A Resolution will be tabled, by the Core Group, on Sri Lanka at the United Nations Human Rights Council’s (UNHRC) 51st Session, which will begin Monday (12). The March 2021 UNHRC Resolution 46/1 expires this month, hence Sri Lanka is on the UNHRC agenda for the 51st session.
Already, a delegation comprising Foreign Minister Ali Sabry and Justice Minister Wijeyadasa Rajapakshe and many other officials are readying to vehemently contest the 46/1 resolution, the remarks on the report of the Office of the High Commissioner of Human Rights (OHCHR). Foreign Minister Ali Sabry told the local media, before his departure to Geneva last week, that despite a resolution against the country receiving votes in favour or against at the UNHRC, Sri Lanka will stand firm. Foreign Secretary Aruni Wijewardane said that the Foreign Ministry has worked closely with the UNHRC on many occasions and would continue to work with them.
Minister Sabry stated that they will cooperate with the UN organisation but are not interested in confrontations and will not work in a way that will jeopardise the country’s sovereignty and independence. He referred to the International probe to look into alleged war crimes the UNHRC has recommended. The session on Sri Lanka would be on 12 September and the voting is expected at the end of the UNHRC session.
Also, the OHCHR will hold a public meeting on 12 September at 10 a.m. Geneva time during which a tribute to victims of enforced disappearances will be held featuring testimony of a victim of enforced disappearance from Sri Lanka.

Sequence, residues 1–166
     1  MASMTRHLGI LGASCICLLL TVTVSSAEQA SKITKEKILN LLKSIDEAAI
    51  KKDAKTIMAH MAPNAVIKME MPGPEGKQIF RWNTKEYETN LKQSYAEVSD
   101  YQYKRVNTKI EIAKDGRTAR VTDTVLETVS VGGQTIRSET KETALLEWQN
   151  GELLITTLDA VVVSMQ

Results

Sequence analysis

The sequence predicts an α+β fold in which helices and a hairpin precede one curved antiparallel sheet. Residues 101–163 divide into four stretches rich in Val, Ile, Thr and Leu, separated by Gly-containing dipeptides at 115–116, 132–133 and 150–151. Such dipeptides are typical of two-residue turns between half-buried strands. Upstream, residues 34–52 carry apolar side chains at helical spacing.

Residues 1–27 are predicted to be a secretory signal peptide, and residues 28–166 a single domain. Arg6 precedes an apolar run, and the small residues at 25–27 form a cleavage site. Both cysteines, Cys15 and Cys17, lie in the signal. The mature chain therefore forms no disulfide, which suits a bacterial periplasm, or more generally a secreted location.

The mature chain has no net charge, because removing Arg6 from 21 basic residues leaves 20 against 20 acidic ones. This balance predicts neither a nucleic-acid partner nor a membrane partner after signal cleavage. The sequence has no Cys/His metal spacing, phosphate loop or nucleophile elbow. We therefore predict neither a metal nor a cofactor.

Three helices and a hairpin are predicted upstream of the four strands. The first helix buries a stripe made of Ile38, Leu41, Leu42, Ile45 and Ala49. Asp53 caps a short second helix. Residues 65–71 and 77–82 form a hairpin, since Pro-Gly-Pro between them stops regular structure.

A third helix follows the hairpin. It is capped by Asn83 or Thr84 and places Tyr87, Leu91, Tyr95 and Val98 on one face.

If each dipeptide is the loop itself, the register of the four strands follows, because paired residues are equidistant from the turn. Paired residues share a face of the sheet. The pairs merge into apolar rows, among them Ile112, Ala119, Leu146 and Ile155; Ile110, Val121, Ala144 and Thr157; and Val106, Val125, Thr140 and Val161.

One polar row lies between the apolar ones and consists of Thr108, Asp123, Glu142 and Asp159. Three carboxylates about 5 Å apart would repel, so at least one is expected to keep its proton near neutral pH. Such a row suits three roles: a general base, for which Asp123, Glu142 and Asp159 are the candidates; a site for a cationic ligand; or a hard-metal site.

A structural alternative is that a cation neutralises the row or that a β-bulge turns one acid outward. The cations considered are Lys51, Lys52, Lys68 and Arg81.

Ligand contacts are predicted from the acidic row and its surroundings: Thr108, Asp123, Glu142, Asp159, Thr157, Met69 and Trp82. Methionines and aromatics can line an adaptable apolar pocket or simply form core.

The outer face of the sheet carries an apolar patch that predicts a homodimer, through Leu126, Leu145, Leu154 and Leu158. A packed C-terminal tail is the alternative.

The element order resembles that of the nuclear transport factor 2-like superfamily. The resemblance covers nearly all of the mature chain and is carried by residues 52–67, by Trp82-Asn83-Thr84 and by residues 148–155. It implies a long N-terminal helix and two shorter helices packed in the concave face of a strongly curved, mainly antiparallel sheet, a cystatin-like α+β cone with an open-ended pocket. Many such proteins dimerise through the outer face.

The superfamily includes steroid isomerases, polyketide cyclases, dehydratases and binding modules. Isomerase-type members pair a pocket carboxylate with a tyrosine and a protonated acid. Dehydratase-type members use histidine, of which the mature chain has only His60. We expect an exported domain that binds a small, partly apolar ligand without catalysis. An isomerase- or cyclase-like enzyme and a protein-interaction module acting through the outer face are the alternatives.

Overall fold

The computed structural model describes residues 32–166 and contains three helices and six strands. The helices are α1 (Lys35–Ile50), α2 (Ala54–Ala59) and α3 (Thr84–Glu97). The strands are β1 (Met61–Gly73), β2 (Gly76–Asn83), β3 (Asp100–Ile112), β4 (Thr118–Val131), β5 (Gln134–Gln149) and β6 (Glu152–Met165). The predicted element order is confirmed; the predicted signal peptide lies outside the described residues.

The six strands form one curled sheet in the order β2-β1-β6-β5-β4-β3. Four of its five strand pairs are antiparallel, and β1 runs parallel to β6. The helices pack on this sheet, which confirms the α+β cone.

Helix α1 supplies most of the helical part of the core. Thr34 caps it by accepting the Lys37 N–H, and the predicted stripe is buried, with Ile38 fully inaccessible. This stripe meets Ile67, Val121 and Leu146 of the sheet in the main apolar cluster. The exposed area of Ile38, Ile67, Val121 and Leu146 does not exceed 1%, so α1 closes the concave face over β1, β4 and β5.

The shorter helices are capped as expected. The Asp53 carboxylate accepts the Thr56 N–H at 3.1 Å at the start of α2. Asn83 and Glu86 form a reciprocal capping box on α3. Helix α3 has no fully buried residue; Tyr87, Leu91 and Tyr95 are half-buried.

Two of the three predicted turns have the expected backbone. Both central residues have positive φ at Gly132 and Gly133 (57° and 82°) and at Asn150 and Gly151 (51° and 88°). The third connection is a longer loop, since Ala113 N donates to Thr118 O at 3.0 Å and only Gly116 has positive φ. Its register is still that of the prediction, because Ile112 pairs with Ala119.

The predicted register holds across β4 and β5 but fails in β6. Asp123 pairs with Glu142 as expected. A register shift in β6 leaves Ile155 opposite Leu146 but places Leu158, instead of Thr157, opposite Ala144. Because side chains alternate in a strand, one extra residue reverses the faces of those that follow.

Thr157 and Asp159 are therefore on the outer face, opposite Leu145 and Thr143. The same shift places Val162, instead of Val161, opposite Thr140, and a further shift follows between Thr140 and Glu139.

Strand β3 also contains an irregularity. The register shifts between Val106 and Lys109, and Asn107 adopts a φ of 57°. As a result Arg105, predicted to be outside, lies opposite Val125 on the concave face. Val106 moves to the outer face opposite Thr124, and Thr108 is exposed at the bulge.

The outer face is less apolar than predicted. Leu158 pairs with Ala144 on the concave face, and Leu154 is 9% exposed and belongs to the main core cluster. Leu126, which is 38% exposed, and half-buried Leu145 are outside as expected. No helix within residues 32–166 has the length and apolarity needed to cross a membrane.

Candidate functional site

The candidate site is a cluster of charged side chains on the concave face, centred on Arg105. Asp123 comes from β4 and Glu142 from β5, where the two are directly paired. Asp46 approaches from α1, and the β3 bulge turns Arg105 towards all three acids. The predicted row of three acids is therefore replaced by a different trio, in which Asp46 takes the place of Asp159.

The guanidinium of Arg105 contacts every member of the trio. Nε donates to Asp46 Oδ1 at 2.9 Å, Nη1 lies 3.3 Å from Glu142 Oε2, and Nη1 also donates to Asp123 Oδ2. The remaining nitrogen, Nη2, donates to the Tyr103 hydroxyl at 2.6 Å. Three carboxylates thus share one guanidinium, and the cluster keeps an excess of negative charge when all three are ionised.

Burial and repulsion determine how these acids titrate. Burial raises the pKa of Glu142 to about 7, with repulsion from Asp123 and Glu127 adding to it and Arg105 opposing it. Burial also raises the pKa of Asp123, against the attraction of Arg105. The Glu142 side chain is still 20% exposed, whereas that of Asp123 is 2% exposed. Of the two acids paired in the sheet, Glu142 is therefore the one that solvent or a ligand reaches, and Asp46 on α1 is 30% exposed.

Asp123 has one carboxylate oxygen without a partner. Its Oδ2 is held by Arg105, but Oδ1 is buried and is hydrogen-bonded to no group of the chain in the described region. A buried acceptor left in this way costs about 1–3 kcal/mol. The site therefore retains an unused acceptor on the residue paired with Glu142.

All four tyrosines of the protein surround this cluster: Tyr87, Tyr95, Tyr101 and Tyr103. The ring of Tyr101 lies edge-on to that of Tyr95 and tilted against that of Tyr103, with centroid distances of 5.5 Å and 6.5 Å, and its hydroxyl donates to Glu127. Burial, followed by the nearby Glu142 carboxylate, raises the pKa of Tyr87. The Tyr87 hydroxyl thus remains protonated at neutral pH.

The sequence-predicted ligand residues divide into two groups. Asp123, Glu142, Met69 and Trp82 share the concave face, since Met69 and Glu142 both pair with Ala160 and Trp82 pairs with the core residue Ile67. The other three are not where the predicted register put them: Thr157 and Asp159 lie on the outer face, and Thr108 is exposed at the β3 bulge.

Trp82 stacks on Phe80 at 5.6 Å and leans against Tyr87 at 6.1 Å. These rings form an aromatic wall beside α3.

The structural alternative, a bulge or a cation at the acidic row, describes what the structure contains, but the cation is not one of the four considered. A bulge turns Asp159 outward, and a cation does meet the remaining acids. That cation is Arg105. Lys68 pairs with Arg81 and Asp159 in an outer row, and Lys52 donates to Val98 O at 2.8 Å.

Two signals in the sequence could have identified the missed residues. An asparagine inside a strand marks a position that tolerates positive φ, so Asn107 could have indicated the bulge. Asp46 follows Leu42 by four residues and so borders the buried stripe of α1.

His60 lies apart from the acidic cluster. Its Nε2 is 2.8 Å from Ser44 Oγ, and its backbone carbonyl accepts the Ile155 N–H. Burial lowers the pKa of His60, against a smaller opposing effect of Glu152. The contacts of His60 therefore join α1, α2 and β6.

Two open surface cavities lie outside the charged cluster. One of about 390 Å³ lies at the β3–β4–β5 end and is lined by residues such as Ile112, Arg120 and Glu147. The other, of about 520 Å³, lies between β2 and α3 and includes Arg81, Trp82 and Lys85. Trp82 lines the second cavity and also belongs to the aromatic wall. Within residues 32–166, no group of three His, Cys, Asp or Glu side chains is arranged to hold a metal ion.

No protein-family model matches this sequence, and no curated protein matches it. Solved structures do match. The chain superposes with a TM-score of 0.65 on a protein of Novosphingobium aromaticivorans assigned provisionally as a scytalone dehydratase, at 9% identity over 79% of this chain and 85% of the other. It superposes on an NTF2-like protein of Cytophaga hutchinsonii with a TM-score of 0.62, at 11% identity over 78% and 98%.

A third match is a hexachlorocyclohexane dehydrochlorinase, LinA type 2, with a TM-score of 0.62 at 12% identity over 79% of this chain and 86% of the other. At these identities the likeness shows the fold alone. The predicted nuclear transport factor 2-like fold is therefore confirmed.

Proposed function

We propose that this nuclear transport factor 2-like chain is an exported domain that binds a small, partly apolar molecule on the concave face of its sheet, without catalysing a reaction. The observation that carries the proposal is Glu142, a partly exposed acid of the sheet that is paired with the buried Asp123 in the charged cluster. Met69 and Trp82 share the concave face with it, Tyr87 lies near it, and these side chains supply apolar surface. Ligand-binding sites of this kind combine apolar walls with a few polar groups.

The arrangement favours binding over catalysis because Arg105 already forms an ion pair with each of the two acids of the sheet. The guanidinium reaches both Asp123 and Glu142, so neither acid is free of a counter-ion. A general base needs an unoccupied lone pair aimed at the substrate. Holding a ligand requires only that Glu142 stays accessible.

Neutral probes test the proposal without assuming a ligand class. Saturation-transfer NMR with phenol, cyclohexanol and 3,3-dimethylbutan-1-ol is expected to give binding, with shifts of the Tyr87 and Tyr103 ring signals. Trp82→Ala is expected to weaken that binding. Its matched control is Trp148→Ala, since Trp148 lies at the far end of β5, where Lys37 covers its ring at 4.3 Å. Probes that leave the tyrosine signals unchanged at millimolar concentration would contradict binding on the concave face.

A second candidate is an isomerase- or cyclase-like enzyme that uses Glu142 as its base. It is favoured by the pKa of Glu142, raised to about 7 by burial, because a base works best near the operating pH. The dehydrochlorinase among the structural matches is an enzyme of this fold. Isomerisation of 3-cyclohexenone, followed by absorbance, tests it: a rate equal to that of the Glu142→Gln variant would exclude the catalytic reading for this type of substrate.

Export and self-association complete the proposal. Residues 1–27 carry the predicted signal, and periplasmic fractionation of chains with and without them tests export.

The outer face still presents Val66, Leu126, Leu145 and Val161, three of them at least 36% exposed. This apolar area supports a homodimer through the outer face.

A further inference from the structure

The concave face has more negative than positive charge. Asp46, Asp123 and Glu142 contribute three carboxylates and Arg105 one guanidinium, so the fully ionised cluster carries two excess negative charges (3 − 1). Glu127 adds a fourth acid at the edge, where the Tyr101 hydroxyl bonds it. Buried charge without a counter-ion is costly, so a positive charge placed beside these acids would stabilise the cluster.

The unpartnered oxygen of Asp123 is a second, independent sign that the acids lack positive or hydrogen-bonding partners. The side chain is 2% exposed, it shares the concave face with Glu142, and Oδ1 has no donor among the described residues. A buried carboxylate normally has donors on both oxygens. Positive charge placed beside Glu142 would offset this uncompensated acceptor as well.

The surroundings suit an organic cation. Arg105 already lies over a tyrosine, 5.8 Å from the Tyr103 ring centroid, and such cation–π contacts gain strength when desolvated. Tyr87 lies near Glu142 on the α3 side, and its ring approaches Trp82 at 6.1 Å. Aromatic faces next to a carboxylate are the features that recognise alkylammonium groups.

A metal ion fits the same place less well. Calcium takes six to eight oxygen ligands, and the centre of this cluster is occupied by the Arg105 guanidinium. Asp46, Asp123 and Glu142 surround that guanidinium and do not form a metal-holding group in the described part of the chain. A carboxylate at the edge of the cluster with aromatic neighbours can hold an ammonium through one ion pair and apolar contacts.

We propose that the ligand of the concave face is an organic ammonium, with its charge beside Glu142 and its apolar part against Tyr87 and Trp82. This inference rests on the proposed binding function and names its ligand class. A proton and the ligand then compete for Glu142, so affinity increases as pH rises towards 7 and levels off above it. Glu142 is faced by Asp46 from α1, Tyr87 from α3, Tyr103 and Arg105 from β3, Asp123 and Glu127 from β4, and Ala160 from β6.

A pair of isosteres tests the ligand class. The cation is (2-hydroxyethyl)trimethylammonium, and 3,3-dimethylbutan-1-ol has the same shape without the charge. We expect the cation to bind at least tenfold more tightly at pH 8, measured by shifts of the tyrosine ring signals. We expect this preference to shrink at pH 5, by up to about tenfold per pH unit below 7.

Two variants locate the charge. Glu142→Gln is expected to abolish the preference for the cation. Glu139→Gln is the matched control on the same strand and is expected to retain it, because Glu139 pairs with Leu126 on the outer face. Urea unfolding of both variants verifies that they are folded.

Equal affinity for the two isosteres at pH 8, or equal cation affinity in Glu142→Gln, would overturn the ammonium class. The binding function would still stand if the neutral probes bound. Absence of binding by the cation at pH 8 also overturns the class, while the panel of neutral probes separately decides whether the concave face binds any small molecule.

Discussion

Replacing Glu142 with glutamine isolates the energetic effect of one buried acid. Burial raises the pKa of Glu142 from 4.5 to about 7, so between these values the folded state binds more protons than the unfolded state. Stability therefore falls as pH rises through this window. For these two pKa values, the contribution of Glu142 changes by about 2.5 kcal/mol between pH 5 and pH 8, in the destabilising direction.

The Government of Sri Lanka has clearly rejected resolutions on Sri Lanka from 2011 and co-sponsored a resolution in 2015 by then Prime Minister Ranil Wickremesinghe and Foreign Minister, the late Mangala Samarwaweera.
The OHCHR also called on the international community to support Sri Lanka in the investigation on economic crimes that impact human rights and the tracing and recovery of stolen assets besides focusing on the Sri Lanka accountability project, the evidence-collection and accountability recommendation mechanism set up inside the OHCHR by 46/1.
High Commissioner Michelle Bachelet, in her report mandated in 46/1, called on the authorities to independently, thoroughly and transparently investigate all the attacks that have occurred, including the destruction of properties, and ensure that those found responsible are held to account.
As of July 2022, the OHCHR said that the Government of Sri Lanka has six pending requests for visits by United Nations special procedures. Three Special procedures have issued joint statements expressing concern regarding the impact of the economic crisis on human rights, calling for an immediate moratorium on the use of the Prevention of Terrorism Act, and urging the Government to guarantee the fundamental rights of peaceful assembly and of expression.
Resolution 46/1 announced an evidence-gathering mechanism on Sri Lanka and all the claims of human rights violations and alleged war crimes but the Government of Sri Lanka rejected this mechanism overwhelmingly. In this regard, OHCHR has already mapped existing United Nations material and integrated all of the material from the OHCHR Investigation on Sri Lanka (OISL), which was consistent with the applicable conditions and consent. The Office has also commenced identifying material held by other actors and engaging with information providers. To date, two organisations’ databases have been migrated into the repository, and negotiations with other information providers are ongoing.
By Sulochana Ramiah Mohan